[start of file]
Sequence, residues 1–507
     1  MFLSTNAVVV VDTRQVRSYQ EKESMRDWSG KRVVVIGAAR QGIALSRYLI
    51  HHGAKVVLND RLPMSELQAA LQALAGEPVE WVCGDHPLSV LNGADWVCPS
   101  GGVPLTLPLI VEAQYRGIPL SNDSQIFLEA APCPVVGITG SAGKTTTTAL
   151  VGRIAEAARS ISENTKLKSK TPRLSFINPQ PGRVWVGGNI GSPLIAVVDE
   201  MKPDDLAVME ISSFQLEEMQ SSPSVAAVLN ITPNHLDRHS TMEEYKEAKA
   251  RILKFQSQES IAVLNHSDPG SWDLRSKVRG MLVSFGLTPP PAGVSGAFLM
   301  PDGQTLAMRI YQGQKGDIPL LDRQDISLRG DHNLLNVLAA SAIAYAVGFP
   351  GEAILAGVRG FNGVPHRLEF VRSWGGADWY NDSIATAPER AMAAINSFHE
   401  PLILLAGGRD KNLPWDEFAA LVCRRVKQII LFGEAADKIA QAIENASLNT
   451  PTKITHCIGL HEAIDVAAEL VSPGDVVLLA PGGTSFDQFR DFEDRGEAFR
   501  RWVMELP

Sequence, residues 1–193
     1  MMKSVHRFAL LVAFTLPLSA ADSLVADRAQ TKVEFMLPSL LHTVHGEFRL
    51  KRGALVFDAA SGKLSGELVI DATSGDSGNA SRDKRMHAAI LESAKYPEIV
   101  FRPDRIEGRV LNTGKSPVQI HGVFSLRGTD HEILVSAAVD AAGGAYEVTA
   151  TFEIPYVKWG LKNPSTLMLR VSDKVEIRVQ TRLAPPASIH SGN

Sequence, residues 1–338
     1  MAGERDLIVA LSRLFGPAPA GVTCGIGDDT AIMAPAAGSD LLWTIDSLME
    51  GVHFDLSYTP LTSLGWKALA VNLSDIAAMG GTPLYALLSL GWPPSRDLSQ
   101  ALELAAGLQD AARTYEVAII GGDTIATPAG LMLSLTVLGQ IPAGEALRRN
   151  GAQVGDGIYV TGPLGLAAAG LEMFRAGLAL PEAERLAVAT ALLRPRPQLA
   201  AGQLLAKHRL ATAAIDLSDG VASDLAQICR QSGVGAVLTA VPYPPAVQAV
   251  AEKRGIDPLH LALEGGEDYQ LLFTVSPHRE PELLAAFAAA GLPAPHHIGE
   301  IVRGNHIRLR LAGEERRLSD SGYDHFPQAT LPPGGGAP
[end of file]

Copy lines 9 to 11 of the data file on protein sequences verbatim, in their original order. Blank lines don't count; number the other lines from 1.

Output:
   351  GEAILAGVRG FNGVPHRLEF VRSWGGADWY NDSIATAPER AMAAINSFHE
   401  PLILLAGGRD KNLPWDEFAA LVCRRVKQII LFGEAADKIA QAIENASLNT
   451  PTKITHCIGL HEAIDVAAEL VSPGDVVLLA PGGTSFDQFR DFEDRGEAFR